It looks like Tom Brady has finally had enough.
After spending the last year-plus battling the NFL and his 4-game suspension stemming from the ridiculous DeflateGate penalty imposed by Roger Goodell, this week’s failure to be granted a rehearing by the Second Circuit Court of Appeals apparently was enough to make Brady want to finally cut his losses and move on.
It seemed initially that Brady was set to take the case to the Supreme Court, but on Friday he announced that he’ll ‘no longer proceed with the legal process’ while focusing on being ready to play when he does return in 2016.
“I’m very grateful for the overwhelming support I’ve received from Mr. Kraft, the Kraft family, coach Belichick, my coaches and teammates, the NFLPA, my agents, my loving family and most of all, our fans,” Brady wrote via his Facebook page. “It has been a challenging 18 months and I have made the difficult decision to no longer proceed with the legal process. I’m going to work hard to be the best player I can be for the New England Patriots and I look forward to having the opportunity to return to the field this fall.”
The decision likely didn’t come lightly, as the tough question was even if he had been granted a stay by Justice Ginsberg, the concern of whether or not he could have potentially been suspended later in the season if things didn’t turn out in his favor might have been why he opted to stop pursuing it. Instead, he’ll now be sidelined for the first four games of 2016, giving the Patriots the ability to at least begin preparing to be without him to begin the season.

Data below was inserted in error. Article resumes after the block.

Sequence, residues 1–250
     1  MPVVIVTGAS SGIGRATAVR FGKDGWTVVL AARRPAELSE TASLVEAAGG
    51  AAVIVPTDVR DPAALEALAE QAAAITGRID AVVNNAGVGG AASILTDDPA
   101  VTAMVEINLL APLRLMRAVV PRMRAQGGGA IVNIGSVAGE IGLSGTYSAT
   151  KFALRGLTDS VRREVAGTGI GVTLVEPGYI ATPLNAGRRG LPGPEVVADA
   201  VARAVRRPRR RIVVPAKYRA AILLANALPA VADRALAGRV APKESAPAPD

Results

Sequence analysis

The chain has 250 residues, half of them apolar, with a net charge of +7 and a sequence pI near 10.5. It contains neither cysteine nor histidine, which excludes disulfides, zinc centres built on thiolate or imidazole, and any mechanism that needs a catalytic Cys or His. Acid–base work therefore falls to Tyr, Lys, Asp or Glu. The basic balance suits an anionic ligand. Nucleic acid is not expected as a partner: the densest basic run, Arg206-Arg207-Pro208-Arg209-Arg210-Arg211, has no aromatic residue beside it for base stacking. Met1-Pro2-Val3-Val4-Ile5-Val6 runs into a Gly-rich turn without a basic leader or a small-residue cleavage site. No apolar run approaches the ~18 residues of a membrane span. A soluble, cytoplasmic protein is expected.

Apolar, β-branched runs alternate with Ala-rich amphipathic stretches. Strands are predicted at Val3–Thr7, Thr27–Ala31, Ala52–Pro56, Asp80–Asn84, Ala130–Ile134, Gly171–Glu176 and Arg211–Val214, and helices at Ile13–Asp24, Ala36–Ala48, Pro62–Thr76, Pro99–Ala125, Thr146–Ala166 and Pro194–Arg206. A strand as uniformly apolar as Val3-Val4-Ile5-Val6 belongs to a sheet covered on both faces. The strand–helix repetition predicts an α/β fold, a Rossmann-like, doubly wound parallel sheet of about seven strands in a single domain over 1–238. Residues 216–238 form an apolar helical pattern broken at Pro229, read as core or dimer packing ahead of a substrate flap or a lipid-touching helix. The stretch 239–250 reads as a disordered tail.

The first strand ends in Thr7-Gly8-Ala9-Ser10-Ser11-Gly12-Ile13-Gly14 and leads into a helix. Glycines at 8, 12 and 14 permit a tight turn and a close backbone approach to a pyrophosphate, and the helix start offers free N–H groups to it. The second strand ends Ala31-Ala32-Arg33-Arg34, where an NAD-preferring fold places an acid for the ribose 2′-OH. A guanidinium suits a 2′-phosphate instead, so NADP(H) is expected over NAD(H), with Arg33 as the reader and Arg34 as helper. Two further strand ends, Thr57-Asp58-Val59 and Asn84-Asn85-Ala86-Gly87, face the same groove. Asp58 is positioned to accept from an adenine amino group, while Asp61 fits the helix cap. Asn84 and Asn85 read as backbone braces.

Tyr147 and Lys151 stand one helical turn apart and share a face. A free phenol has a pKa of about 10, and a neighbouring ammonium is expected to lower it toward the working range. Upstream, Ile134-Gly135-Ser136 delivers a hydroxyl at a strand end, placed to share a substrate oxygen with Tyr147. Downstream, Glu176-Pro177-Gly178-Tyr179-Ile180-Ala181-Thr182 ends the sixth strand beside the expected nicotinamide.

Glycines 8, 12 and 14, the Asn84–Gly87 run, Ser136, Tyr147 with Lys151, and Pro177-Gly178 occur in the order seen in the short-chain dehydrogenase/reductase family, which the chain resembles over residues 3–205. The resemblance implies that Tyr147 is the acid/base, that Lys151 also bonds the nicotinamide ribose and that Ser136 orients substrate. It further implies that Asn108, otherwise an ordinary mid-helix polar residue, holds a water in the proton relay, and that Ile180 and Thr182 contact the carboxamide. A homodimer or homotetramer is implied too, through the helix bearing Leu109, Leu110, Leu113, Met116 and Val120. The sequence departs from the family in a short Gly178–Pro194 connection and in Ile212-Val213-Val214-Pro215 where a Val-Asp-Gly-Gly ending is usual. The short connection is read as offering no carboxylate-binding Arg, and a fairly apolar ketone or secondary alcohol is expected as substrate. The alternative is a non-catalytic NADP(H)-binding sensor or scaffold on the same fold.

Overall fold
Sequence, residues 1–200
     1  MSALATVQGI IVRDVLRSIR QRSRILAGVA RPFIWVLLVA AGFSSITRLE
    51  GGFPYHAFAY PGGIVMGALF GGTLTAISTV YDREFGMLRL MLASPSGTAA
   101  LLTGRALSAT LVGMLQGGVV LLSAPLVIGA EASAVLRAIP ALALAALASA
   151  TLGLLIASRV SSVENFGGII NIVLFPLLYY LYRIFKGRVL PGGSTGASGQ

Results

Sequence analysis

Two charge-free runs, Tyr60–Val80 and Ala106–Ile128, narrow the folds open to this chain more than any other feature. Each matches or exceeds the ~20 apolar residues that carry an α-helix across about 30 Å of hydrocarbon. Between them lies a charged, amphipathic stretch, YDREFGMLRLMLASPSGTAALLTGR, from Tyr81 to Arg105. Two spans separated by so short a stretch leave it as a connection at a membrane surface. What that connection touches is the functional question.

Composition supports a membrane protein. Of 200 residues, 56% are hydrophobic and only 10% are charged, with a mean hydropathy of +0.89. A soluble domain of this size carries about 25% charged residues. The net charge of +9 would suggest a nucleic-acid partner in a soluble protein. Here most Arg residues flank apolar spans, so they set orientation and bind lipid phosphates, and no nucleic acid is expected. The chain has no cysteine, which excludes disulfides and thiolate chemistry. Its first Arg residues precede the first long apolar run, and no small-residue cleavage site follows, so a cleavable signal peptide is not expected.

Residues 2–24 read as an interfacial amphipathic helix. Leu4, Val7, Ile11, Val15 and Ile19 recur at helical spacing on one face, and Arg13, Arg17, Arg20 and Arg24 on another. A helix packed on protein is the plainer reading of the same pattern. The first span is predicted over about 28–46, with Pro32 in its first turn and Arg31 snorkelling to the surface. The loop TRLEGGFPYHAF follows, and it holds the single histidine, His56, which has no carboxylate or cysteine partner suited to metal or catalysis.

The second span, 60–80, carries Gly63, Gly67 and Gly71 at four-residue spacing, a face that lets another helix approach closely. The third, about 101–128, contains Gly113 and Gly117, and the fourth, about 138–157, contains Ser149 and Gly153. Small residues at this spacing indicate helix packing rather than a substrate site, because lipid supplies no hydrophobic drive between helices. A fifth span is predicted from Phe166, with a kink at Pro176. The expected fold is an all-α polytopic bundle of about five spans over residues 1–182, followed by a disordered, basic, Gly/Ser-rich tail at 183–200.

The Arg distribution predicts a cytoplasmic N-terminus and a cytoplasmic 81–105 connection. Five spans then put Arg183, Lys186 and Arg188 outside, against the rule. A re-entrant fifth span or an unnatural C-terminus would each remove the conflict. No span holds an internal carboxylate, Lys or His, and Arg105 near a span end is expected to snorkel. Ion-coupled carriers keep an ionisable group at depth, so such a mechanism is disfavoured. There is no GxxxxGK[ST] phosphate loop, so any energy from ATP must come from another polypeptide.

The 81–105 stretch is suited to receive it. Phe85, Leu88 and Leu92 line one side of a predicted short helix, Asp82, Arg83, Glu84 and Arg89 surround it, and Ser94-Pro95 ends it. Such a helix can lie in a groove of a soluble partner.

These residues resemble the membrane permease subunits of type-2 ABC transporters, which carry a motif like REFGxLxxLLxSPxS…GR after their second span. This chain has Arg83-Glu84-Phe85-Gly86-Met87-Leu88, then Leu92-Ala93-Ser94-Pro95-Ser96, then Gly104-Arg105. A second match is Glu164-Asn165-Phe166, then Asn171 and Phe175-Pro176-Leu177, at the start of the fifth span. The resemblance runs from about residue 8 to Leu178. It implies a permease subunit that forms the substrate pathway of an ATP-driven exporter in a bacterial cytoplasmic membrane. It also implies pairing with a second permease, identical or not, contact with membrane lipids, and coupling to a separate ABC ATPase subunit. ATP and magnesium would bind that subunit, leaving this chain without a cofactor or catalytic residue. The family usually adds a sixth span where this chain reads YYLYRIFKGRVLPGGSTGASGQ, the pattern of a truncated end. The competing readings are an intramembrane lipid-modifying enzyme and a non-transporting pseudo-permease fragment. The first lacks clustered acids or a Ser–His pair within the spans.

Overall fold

For now the saga comes to an end and it’s incredibly frustrating to have the NFL come out ahead given everything that’s transpired. It just goes to show that even if a player does nothing wrong, even without proof of an actual transgression, “more probable than not” is now apparently enough to punish any player. That’s definitely a scary notion with someone like Goodell in charge and should be a hard lesson learned by the NFLPA the next time they hammer out a new Collective Bargaining Agreement.
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